Last week we reported on AOL's business
plan for 2011 and how it appears to eschew content quality in favor of content quality. Today, the company announced that it's reached an acquisition agreement with The Huffington Post. For the price of $315 million, Arianna Huffington and her website's staff, professional journalists, and various contributing bloggers have become a part of AOL's not-insignificant online media empire.
Huffington has published a blog entry of her own detailing how and why she and AOL CEO Tim Armstrong came to this arrangement. "while Tim was talking about his plans for turning AOL around, he said that the challenge lay in the fact that AOL had off-the-charts brand awareness, and off-the-charts user trust and loyalty, but almost no brand identity. I was immediately struck by his clear-eyed assessment of his company's strengths and weaknesses, and his willingness to be so up front about them...By combining HuffPost with AOL's network of sites, thriving video initiative, local focus, and international reach, we know we'll be creating a company that can have an enormous impact, reaching a global audience on every imaginable platform.
Far from changing our editorial approach, our culture, or our mission, this moment will be for HuffPost like stepping off a fast-moving train and
onto a supersonic jet. We're still traveling toward the same destination, with the same people at the wheel, and with the same goals, but we're now going to get there much, much faster.
AOL isn't just buying HuffPo. As part of the deal, Huffington has been appointed as chief architect of AOL's would-be online media empire. From here on out she'll guide the combined companies' digital strategies with an eye towards integrating and cross-pollinating content from one to the other. Huffington's experience makes her a natural fit for the position, but AOL's willingness to turn combined operations over to her is a tacit admission that the company's own digital content strategies aren't working.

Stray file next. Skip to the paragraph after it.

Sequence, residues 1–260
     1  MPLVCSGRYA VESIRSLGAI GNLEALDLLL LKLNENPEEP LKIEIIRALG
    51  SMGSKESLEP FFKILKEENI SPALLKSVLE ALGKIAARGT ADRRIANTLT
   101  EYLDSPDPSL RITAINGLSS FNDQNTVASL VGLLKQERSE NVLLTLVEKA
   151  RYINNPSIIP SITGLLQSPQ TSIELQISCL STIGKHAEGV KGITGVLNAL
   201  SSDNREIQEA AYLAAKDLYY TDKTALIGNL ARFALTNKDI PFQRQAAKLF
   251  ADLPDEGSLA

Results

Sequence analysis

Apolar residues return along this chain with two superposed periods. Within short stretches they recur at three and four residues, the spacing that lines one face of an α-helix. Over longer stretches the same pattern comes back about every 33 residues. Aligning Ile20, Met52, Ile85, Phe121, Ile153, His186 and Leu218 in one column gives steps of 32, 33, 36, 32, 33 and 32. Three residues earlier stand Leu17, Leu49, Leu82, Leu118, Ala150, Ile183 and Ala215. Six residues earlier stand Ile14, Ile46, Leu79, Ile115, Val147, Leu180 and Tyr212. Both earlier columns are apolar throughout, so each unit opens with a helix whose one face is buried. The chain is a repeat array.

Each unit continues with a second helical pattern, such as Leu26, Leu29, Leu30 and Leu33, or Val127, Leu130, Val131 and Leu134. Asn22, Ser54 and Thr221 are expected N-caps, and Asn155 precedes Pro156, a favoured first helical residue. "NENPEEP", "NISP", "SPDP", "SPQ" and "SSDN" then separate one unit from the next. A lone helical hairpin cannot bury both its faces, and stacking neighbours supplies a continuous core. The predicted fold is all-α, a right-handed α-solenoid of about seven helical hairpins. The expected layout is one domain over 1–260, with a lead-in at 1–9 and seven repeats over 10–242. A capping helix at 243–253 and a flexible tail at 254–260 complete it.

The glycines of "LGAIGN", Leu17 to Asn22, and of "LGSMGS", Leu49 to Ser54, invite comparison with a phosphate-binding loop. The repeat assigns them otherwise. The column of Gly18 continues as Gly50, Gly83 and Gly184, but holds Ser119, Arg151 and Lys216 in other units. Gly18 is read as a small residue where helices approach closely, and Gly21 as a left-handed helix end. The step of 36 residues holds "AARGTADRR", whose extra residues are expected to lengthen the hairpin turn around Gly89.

HuffPo's current FP
The good news is that AOL should have little difficulty meeting the production goals it set for itself during Q1. More sobering is the size of the task in front of the now-merged company; integrating corporate structures and streamlining content production poses a considerable challenge. The merger doesn't address concerns over whether or not AOL is properly prioritizing production goals and there's the question of whether or not HuffPo can maintain its own distinctive voice and coverage policies.
There can be no doubt that Armstrong is willing to strike out in new directions and take risks when it comes to the future of his company. HuffPo's $315M purchase price is a significant chunk of AOL's cash reserves; the company will likely sink or swim on the strength of this decision. HuffPo, despite its clout and impressive readership figures, doesn't have a high gross margin.
As a final note, we can't help wondering what Armstrong made of Huffington's decision to quote him discussing AOL's "off-the-charts user trust and loyalty." It's hard to overestimate the irony of that particular statement; AOL currently derives the bulk of its revenue from elderly or uniformed subscribers who pay the company for a service they don't actually need. Given the economic uncertainty of the past years, we suspect the customers AOL continues to dupe might have a few choice words for Armstrong when it comes to topics like loyalty.